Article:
Renaissance society exhibit an enveloping experience

By Melanie Treuhaft

Though I was initially overwhelmed by the chaos of colors and spheres clustered on the ceiling of the fourth floor of Cobb, eventually I was overtaken by the realization that I was not simply a spectator, but was inside of Katharina Grosse’s exhibit. Atoms Inside Balloons extends beyond most installations. It encompasses its observers by reaching above their heads covering the ceiling and below their feet on the tiled floor.

Grosse used a compressed air spray gun and acrylic paint to cover the walls, ceiling, and floor of the exhibit, creating an exciting and almost unsettling mesh of colors that complicate the space they inhabit. In the center of the room, a collection of large spheres about four feet in diameter are crowded together, resembling a cluster of grapes. Each is covered, like the walls, in layers of spray paint. They eclipse each other, producing both complexity of contrast between the varying hues on individual surfaces and gradations of light created by shadow. While the outer edges of the room are void of balloons, they form, in a sense, a larger balloon covered itself by the application of spray paint and enclosing the area as though the viewers were inside a bubble. The effect is that one feels like part of the installation, the observer and his or her reaction to the work being equally important elements in the space.

The installation’s entire composition is such that it would be impossible to experience the effects of the same combination of shapes and colors from any two locations in the room. One could either stand in the relative darkness produced by the shadow of two overlapping balloons, or in the free space illuminated by the windows surrounding three sides of the room. No position is the same as another, and nowhere is the view visually pacifying. Although the complication of color prevents a natural serenity because there are so many unique situations within the same room, there is the potential for every viewer to discover a spot that intrigues, resonates with, or excites the sentiments.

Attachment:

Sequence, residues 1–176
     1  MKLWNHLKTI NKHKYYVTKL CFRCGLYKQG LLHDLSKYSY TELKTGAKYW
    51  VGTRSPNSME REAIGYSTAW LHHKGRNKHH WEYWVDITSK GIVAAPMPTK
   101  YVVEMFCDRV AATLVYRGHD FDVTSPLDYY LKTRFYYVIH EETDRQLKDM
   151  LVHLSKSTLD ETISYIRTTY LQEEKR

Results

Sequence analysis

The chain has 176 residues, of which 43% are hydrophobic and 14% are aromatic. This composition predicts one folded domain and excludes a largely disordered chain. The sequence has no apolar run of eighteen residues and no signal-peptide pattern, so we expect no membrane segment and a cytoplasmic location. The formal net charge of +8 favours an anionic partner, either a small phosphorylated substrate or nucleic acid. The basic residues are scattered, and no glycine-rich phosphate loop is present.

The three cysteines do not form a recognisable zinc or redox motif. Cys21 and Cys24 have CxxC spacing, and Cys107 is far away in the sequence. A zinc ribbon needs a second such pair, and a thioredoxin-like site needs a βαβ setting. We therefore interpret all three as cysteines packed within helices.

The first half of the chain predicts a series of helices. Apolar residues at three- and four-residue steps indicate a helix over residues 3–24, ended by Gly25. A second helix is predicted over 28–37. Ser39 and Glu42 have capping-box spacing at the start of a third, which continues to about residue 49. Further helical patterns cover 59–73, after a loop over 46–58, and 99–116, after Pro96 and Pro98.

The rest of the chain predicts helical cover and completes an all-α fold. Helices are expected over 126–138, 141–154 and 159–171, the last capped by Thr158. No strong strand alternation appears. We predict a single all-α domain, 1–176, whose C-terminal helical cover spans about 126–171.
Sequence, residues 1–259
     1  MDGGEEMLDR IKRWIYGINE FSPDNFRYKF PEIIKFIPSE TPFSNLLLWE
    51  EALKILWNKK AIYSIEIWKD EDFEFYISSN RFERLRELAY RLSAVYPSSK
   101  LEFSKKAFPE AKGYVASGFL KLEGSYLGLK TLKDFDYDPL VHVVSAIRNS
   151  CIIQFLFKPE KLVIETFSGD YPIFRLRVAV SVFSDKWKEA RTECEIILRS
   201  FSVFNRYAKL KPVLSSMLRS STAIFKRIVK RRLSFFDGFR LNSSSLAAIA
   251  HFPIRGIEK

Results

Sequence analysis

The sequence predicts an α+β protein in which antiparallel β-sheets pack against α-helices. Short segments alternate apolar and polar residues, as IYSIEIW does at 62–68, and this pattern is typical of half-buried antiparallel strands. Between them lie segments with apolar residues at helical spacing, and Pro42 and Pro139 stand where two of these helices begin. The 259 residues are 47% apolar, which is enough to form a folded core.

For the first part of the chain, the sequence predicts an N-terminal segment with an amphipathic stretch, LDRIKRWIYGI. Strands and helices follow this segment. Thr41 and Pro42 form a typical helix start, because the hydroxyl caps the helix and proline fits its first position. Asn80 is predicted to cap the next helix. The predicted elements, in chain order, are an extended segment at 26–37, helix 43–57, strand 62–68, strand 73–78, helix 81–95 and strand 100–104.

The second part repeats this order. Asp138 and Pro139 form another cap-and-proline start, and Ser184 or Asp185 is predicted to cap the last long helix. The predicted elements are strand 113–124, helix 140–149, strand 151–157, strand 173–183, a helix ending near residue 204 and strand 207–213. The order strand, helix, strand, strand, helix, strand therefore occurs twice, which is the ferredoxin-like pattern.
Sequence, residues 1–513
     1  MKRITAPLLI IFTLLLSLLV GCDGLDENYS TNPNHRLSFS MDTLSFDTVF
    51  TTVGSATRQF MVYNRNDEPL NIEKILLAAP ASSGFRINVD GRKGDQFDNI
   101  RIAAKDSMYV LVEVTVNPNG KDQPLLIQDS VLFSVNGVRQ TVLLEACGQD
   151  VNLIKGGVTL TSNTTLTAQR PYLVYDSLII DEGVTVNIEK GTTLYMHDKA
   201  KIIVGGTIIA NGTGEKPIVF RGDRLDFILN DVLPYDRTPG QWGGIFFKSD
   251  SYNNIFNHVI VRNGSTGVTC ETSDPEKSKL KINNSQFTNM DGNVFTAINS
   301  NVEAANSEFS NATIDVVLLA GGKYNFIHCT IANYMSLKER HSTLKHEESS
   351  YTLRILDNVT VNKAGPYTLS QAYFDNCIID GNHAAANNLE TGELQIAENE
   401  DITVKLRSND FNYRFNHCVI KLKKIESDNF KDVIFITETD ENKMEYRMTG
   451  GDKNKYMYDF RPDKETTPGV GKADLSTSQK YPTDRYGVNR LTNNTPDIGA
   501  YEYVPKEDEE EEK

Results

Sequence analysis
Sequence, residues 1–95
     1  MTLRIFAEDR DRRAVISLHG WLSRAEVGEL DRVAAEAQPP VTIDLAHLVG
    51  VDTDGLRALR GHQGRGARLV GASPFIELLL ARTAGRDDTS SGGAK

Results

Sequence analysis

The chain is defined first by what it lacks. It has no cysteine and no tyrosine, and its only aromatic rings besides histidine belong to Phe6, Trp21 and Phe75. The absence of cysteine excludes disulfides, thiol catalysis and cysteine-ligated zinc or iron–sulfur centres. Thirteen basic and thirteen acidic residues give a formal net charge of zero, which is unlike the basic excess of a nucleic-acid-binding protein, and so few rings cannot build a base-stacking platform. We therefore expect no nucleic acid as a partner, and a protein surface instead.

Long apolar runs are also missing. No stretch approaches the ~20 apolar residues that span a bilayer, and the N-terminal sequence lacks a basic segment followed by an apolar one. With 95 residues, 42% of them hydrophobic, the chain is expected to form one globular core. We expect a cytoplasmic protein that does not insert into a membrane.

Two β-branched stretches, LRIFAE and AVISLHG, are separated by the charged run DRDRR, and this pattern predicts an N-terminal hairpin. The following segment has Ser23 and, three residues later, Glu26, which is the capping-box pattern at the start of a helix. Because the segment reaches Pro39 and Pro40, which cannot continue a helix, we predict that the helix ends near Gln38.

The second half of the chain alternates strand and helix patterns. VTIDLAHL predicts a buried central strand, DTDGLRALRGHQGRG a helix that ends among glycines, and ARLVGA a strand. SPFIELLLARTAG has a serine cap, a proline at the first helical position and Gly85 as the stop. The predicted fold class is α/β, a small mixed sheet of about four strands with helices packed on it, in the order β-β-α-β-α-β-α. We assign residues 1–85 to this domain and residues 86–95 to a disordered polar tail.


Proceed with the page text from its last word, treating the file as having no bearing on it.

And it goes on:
Despite the dramatic color contrast and the range of shadow, I felt that the fluorescent lighting detracted from the intensity of the hues by giving them a bluish artificial glow. Although this was an element of the installation that Grosse had no power to gauge, I think more natural light would have complemented the paint she used, lessening their dulled appearance. The type of paint she used also seemed to inhibit the vibrancy of the colors. All of her yellows were the same, as were all her violets, and they all had the appearance of coming directly from a can as opposed to a unique combination. I was reminded of the chalky tempera paintings I did in elementary school, upon which blends of colors turned to a muddled brown when I tried to combine them. Despite my reaction to the quality of pigment used, they were able to accomplish a juvenile excitement and the carefree immediacy of childish sentiments.

The creation of an artistic space distinguishes this exhibit from others. Grosse’s technique can neither be criticized nor praised for an exceptional talent in rendering nor in the ability to portray realistic figures. Rather, it should be recognized for its ability to relocate every viewer who enters the room. The area she designed is provocative in its complete departure from the world in which we are accustomed to living. There will undoubtedly be a unique emotional state inspired in each observer. In this regard, Grosse’s installation piece was an overall success because it exhibited the evocative nature of a substantial work of art.